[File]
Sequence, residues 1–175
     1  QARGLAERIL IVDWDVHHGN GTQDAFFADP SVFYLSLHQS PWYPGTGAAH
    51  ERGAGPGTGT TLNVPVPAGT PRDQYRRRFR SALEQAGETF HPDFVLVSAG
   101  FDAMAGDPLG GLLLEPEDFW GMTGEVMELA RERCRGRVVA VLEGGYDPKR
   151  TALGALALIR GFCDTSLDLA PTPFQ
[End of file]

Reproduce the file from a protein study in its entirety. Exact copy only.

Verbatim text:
Sequence, residues 1–175
     1  QARGLAERIL IVDWDVHHGN GTQDAFFADP SVFYLSLHQS PWYPGTGAAH
    51  ERGAGPGTGT TLNVPVPAGT PRDQYRRRFR SALEQAGETF HPDFVLVSAG
   101  FDAMAGDPLG GLLLEPEDFW GMTGEVMELA RERCRGRVVA VLEGGYDPKR
   151  TALGALALIR GFCDTSLDLA PTPFQ